According to the report, JPMorgan will probably begin pilot testing JPM Coin around year-end after regulatory approval with a few clients to see how it helps to speed up money transfer.
Blockchain spending to grow 83.9% year-on-year in Asia Pacific
While enterprises might still be skeptical about cryptocurrencies, blockchain—the technology behind cryptocurrencies—has gained more traction in the corporate sector.
IDC expects blockchain solutions spending in Asia Pacific excluding Japan (APEJ) to reach nearly US$523.8 million in 2019, an increase of 83.9% from the US$284.8 million spent in 2018.
In addition, the advisory firm forecasts blockchain spending in the region to grow at a robust pace over the 2018-2022 forecast period with a five-year CAGR of 77.5% and total spending of USD 2.4 billion by 2022.
IDC said banking, securities and investment services, and insurance industries will invest US$294.8 million combined in blockchain solutions this year.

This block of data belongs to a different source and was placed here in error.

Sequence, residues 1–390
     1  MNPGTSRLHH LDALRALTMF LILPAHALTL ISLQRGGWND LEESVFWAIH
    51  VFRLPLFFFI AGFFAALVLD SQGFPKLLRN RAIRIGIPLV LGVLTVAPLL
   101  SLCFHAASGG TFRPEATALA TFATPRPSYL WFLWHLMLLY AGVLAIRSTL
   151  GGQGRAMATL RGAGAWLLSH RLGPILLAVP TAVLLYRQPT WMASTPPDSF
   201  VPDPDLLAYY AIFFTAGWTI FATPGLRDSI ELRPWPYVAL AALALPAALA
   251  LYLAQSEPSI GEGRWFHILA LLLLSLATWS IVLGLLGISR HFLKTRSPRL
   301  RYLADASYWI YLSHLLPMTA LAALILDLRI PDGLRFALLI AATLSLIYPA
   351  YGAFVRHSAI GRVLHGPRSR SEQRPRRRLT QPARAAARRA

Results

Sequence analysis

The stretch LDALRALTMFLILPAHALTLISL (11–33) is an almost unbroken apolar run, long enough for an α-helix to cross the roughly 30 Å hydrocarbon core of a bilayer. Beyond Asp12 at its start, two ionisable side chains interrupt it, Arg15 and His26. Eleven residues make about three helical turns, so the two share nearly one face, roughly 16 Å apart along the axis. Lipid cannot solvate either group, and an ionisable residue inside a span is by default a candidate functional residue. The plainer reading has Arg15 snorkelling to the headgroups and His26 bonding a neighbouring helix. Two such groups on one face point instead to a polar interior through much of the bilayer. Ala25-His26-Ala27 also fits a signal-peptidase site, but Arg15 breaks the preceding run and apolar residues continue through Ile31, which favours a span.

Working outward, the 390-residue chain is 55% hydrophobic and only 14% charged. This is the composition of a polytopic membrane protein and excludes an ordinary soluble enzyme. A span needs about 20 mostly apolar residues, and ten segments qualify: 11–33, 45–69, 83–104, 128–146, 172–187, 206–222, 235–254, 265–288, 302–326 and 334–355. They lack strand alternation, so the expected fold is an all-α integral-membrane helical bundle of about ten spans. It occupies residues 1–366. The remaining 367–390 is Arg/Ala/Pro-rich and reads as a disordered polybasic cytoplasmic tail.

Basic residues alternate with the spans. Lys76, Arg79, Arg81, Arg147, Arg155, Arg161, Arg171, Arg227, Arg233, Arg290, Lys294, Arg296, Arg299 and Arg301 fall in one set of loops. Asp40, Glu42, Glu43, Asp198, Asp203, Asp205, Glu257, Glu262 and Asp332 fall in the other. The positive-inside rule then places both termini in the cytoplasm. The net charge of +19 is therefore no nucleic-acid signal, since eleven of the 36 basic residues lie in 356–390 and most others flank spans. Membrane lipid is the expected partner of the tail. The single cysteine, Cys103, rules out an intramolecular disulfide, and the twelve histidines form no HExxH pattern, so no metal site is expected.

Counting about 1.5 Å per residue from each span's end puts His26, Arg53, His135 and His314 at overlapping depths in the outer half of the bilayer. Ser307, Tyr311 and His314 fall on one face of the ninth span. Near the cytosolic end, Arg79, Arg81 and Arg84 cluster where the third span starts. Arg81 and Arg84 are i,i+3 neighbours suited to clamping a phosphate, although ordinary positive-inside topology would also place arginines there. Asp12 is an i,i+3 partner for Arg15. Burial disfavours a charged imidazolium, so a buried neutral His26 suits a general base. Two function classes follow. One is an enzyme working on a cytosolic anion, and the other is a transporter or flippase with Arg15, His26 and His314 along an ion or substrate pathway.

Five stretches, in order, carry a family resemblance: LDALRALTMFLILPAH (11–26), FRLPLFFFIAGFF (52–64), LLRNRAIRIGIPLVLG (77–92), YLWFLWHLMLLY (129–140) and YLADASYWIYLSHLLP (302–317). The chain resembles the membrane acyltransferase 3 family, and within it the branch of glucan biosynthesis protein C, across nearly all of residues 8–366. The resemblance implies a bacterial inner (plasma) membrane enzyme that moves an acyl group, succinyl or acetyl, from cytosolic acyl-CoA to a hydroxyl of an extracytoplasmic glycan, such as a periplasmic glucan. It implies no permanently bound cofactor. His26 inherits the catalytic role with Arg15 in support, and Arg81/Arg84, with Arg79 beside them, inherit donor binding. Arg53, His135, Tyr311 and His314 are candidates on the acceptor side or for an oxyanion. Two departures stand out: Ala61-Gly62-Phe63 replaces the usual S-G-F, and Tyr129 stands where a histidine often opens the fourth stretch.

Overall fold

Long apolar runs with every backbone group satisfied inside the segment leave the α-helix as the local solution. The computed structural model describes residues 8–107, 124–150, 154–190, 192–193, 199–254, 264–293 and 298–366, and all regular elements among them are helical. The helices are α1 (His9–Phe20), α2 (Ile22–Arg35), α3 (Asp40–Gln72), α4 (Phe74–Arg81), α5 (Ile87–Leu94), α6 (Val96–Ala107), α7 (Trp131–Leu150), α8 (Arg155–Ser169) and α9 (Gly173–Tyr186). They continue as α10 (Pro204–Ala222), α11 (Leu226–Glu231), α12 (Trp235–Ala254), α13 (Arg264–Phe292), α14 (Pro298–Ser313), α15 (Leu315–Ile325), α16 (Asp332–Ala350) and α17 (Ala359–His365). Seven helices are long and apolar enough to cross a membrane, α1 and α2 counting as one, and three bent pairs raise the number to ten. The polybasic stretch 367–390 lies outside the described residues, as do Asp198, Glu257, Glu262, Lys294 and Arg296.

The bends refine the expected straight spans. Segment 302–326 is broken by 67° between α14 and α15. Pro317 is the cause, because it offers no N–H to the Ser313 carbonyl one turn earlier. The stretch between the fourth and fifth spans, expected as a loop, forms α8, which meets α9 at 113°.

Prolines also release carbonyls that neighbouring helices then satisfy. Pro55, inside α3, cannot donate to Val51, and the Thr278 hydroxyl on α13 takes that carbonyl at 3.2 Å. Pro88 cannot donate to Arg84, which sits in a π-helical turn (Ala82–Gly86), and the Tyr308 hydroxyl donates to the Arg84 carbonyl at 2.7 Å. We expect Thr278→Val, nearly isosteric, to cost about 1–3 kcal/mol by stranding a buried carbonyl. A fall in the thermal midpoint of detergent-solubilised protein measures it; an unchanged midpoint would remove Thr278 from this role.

The manufacturing and resources sector, driven by the discrete and process manufacturing industries, and the distribution and services sector, led by the retail and professional services industries, are forecast to see blockchain spending of US$95 million and US$90.6 million respectively this year, IDC added.
The infrastructure sector will see the fastest growth in blockchain spending over the 2018-2022 forecast with a five-year CAGR of 99.6%, followed closely by the distribution and services sector with a CAGR of 83.0%, the firm noted.
JPMorgan's blockchain payments network
In addition to the JPM Coin, JPMorgan also announced its blockchain payments network—the Interbank Information Network (IIN) last October.
The bank claimed the IIN will significantly reduce the number of participants needed to respond to compliance and other data-related inquiries that causes payment delay.
The Royal Bank of Canada and Australia and the New Zealand Banking Group were the first two banks to join the JPMorgan network.